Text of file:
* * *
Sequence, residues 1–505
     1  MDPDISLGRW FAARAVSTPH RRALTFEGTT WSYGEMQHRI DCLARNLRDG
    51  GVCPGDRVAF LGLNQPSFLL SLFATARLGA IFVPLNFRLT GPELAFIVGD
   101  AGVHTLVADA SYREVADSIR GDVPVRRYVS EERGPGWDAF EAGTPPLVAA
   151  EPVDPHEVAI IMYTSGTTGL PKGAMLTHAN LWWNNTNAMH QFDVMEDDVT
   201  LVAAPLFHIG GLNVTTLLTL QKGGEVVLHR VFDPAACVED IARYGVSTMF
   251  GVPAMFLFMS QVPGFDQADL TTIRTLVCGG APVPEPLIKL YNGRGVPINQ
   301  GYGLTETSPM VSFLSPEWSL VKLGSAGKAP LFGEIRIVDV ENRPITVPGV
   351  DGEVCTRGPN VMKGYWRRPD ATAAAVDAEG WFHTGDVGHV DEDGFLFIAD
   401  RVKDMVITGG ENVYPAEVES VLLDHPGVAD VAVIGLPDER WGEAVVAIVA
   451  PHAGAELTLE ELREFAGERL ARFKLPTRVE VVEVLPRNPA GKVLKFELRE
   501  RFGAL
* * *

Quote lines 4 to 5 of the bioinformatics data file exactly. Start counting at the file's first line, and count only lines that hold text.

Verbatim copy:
   101  AGVHTLVADA SYREVADSIR GDVPVRRYVS EERGPGWDAF EAGTPPLVAA
   151  EPVDPHEVAI IMYTSGTTGL PKGAMLTHAN LWWNNTNAMH QFDVMEDDVT